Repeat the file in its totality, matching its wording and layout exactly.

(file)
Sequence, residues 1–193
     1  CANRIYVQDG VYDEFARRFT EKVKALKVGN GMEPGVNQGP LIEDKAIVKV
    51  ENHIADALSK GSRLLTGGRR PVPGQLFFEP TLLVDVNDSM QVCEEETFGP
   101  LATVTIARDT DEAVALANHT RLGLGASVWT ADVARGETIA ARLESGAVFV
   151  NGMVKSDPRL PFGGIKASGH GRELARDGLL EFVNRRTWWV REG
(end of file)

Sequence, residues 1–193
     1  CANRIYVQDG VYDEFARRFT EKVKALKVGN GMEPGVNQGP LIEDKAIVKV
    51  ENHIADALSK GSRLLTGGRR PVPGQLFFEP TLLVDVNDSM QVCEEETFGP
   101  LATVTIARDT DEAVALANHT RLGLGASVWT ADVARGETIA ARLESGAVFV
   151  NGMVKSDPRL PFGGIKASGH GRELARDGLL EFVNRRTWWV REG